Earthstock success powered by student duo

· 4 min read

Earthstock success powered by student duo

University of Nebraska–Lincoln students holding reusable bags outside of the EarthStock earth day block party
Kateri Hartman University Communication
Rachel Summers and Kat Woerner, EarthStock co-chairs, show off reusable bags given out by the Office of Sustainability at EarthStock’s Block Party.

Two University of Nebraska–Lincoln environmental studies majors harnessed their passion and education to plan (in a matter of months) EarthStock, a celebration of the planet in April.

EarthStock is a series of events hosted by sustainability-related campus entities to educate and unite Huskers around the common goal of a more sustainable future. EarthStock is a completely student-run event, housed under the Association of Students of the University of Nebraska. After noticing a vacancy for the EarthStock chair position, sophomore Rachel Summers and senior Kat Woerner applied and were appointed co-chairs.

In only half of the typically allotted time frame, Summers and Woerner successfully planned a slate of events with support from and in collaboration with the Nebraska Water Center, Sustain UNL, Lincoln Earth Day and more.

“We wanted to make sure EarthStock continued,” Summers said. “I think it’s really important because it raises awareness that there are environmental and sustainability initiatives on campus.”

The EarthStock event lineup.

Summers and Woerner collaborated with organizations to host engaging events including a music festival, stream cleanup, plant sale, block party and a clothing swap. The duo was pleased with the turnout, especially for the plant sale, block party and the clothing swap, which have proved to be some of the most popular events year in and year out.

“Students always talk about the clothing swap being their favorite thing because they have so many clothes they don’t want anymore,” Woerner said. “It’s cool that they can exchange them and get things that are new to them. It was sponsored by Sustain UNL, who also hosted a two-day plant sale. I’d say that was really successful because they sold out of plants.”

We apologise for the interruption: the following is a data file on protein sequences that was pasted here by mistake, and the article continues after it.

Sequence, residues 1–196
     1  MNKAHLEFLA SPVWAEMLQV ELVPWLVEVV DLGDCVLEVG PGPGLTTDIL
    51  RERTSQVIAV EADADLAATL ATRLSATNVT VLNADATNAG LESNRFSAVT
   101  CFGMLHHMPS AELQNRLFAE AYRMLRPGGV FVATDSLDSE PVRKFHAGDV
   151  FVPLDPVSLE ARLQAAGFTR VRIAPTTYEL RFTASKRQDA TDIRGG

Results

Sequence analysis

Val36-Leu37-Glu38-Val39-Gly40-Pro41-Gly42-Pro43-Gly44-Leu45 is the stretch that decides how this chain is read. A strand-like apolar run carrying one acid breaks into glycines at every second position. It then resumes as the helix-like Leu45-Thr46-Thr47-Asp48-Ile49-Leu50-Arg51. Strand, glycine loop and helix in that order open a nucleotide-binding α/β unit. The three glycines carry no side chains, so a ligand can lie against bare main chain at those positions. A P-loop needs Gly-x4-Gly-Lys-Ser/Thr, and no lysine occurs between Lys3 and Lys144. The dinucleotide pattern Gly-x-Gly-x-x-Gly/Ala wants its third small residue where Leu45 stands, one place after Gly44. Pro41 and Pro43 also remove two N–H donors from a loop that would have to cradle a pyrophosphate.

people going through clothing at the clothing swap
Kateri Hartman University Communication
University of Nebraska–Lincoln students browse the selection of clothing at the clothing swap between classes.

The clothing swap was also a tangible way for students to prevent more items from reaching landfills. This is due in part to changing fashion trends and limited time to access recycling and donation centers, according to Ritu Jadwani, a doctoral student in Textiles, Merchandising and Fashion Design whose research focuses on sustainable fashion and textiles

“Only 12% of clothes are recycled every year, globally, and on average Americans throw away 37kg of clothes every year,” Jadwani said. “Clothing swaps are a way to help people be more sustainable by bringing the swaps closer to them. They do not need to drive anywhere to drop off their clothes or shop for new clothes. They can drop their clothes off before the swap and shop a new look during the swap which is not only affordable but also gives them a fresh new wardrobe and most importantly helps save the environment. Clothing swaps are a great way to become more sustainable and reduce textile waste.”

At the block party, organizations gathered outside the Nebraska Union and set up tables that included activities, items and educational materials to show students how they could incorporate sustainability into their daily lives. The block party is another way to increase sustainability visibility on campus.

“A lot of campus sustainability initiatives have been kind of behind the scenes or students have to be in certain classes or specific communities to know what’s going on,” Summers said. “So it’s great when it’s kind of in your face on social media, and in front of the Union where everyone is all the time. It really puts it out so people on campus get the chance to be more educated on it as well as just being aware like hey, people at your school do care about sustainability and climate change.”

EarthStock not only fulfilled the student co-chairs’ desires to promote sustainability on campus, but also taught them lessons for the future. Through collaborating with campus organizations, as well as managing money, contracts and approvals, Summers now has another experience to add to her resume as she pursues her dream to work in environmental policy. As a sophomore, she’s ready to continue organizing EarthStock for years to come.

“I really learned a lot through this experience and from Kat Woerner, and hopefully I’ll be able to organize EarthStock on my own next year,” she said.

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